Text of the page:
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Beyond Props and State: Understanding and using Refs in React

React is a powerful Javascript library for building user interfaces and one of the features it offers is the ability to create and use refs. In this blog post, we'll take a closer look at what refs are, when to use them, and how to create and use them in our React projects.

What are refs in React?

Refs are a way to access a component's underlying DOM (Document Object Model) node. They allow us to access the value of a form element, trigger a focus or media playback, and more. Refs can be created and used in both functional and class components.

When to use refs in React?

Refs should be used sparingly and only when necessary. In general, it's recommended to use state and props to manage the state of our application. However, there are certain cases where refs offer a better solution:

  • Accessing the value of a form element
  • Triggering a focus on a specific element
  • Triggering media playback
  • Integrating with third-party libraries that require direct access to the DOM ## How to create and use refs in React? To create a ref, we can use the useRef hook in functional components or the createRef method in class components. Then, we can attach the ref to any JSX element using the ref attribute.
import { useRef } from 'react';

const MyInput = () => {
  const inputRef = useRef(null);

  function handleSubmit(e) {

  return (
    <form onSubmit={handleSubmit}>
      <input type="text" ref={inputRef} />
      <button type="submit">Submit</button>
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In the example above, inputRef is a ref created using the useRef hook. It is attached to the input element using the ref attribute. When the form is submitted, the handleSubmit function is called and it logs the current value of the input field by accessing inputRef.current.value.

We can also use refs for other purposes such as triggering a focus on a specific element, or triggering media playback.

import { useRef } from 'react';

const MyVideoPlayer = () => {
  const videoRef = useRef(null);

  function handlePlay() {;

  return (
      <video ref={videoRef}>
        <source src="my-video.mp4" type="video/mp4" />
      <button onClick={handlePlay}>Play</button>
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In the example above shows how refs can be very useful, where videoRef is a ref created using the useRef hook and it is attached to the video element using the ref attribute. When the play button is clicked, the handlePlay function is called and it triggers the play method on the video element by accessing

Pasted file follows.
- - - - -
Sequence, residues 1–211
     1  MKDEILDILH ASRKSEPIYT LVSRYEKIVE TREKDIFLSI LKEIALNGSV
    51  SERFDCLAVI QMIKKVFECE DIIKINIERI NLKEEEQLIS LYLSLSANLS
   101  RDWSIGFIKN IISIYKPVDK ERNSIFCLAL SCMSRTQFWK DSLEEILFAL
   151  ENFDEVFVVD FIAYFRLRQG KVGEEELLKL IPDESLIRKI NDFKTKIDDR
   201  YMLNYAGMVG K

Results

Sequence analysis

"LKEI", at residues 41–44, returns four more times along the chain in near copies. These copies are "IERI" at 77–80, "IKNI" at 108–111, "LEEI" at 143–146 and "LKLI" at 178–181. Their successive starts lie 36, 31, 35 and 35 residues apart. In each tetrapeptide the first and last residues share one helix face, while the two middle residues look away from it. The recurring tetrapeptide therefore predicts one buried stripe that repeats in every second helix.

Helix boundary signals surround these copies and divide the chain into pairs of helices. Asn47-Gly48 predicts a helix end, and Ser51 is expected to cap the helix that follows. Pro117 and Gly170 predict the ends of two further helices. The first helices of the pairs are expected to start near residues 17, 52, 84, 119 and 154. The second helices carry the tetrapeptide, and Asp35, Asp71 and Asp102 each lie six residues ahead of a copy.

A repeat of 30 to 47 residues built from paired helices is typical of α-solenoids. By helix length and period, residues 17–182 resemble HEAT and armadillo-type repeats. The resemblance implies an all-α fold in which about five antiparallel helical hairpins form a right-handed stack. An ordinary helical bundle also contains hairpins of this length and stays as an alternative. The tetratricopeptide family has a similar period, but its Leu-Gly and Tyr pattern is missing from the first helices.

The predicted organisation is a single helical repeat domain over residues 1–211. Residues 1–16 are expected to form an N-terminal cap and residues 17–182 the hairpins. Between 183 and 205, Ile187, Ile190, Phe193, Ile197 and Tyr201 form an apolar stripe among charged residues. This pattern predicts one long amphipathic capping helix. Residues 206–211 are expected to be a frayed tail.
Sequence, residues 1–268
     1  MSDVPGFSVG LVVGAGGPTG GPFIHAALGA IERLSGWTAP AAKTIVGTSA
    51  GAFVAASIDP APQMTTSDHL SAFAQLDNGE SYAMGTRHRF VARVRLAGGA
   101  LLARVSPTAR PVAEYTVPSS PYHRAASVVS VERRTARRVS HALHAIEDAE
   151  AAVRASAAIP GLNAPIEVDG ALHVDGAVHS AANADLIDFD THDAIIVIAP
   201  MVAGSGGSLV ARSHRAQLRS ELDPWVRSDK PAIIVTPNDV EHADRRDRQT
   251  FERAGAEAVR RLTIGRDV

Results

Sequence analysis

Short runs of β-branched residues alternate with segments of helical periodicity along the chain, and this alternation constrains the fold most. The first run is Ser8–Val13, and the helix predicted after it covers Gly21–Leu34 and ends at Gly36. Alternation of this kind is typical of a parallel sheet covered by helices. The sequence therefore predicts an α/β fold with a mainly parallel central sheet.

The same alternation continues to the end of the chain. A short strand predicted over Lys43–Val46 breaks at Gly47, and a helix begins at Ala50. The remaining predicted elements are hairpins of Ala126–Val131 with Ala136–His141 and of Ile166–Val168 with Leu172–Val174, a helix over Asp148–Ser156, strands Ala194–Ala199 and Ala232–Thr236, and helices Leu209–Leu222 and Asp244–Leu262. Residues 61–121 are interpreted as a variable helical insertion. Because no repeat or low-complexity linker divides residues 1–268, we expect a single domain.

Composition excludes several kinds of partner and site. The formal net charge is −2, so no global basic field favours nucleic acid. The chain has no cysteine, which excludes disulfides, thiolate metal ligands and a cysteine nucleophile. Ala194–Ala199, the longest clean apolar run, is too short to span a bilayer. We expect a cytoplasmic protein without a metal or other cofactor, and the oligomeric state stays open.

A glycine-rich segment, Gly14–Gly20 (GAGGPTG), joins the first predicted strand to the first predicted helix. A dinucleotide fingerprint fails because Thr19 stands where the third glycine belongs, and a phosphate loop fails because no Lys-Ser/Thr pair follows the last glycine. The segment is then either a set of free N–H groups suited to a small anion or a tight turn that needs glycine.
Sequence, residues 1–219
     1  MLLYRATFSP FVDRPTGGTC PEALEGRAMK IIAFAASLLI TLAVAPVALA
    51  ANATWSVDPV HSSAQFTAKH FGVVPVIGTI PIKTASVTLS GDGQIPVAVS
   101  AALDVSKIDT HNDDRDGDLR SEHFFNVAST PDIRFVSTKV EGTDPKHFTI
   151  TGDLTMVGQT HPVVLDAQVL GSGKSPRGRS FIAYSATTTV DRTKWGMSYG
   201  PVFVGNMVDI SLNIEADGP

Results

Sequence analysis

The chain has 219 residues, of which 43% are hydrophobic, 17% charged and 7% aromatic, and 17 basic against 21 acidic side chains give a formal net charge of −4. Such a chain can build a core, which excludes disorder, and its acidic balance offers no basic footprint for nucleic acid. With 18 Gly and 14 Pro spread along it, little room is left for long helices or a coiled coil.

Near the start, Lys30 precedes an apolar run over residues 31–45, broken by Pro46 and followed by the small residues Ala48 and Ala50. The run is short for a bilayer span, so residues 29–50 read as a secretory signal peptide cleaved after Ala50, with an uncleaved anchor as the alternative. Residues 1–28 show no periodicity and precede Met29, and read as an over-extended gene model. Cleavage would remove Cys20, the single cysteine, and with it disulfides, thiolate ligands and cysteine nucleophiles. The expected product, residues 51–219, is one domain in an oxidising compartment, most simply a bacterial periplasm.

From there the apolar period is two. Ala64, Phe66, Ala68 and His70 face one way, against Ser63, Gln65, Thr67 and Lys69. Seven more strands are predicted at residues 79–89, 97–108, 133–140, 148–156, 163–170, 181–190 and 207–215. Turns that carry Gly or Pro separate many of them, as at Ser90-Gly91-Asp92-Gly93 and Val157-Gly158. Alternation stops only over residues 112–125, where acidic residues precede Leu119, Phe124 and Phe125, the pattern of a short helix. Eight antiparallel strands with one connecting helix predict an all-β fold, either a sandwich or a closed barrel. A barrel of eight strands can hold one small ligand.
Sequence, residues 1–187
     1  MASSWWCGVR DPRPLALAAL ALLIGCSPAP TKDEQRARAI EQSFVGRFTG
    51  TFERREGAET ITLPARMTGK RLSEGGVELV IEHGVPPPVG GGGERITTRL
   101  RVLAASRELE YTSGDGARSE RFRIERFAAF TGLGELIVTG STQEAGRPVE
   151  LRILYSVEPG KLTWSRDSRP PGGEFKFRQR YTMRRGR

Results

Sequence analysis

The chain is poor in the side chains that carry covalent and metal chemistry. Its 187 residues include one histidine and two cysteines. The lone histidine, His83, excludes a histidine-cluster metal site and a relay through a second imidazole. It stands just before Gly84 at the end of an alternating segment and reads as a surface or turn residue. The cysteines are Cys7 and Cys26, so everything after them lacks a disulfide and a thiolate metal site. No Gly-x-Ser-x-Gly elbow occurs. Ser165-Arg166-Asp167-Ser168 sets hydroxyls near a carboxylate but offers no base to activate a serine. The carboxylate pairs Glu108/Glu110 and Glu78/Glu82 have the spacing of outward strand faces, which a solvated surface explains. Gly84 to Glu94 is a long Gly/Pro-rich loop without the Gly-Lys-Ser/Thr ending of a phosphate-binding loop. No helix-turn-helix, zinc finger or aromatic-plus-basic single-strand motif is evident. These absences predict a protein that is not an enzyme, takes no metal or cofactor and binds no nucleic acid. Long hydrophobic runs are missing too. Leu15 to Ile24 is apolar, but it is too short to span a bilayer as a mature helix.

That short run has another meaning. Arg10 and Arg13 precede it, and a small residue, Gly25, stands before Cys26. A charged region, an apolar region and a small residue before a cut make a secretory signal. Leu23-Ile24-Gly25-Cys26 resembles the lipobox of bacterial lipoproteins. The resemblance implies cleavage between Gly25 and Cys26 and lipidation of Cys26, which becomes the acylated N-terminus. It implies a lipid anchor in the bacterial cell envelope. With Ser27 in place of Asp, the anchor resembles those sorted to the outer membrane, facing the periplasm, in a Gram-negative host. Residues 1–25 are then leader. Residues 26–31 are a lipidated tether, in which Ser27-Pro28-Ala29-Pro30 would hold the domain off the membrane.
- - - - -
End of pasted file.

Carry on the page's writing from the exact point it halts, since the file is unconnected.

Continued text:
What makes refs so different?

Now that we have covered the basics of hoe to create and use refs in a React application, let's delve deeper into some of the key features and considerations when utilizing refs.

Refs have a few key differences form state and props that make them useful is certain situations. One important difference is that refs persist across re-renderes, unlike regular variables which reset in every render. This makes refs useful for storing information that needs to be accessed between renders, such as the current position of a video player or the scroll position of a container.

Another difference is that changing a ref does not trigger a re-render, unlike state variables which, when they change, they trigger a re-render. This can be beneficial in situations where we need to update a value without causing a re-render, such as when updating the position of an element on a drag and drop interaction.

Finally, refs are local to each copy of a component, unlike variables outside of the component which are shared. This means that each instance of a component can have its own ref, which can be useful in situations where multiple instances of a component need to maintain their own state independently.


In summary, refs in React offer a way to access the underlying DOM of a component, providing more control over our application. While it may be tempting to rely on refs for everything, it's important to remember that they should be used when other methods such as props and state are not sufficient. Used correctly, refs can be a powerful tool in our React arsenal.

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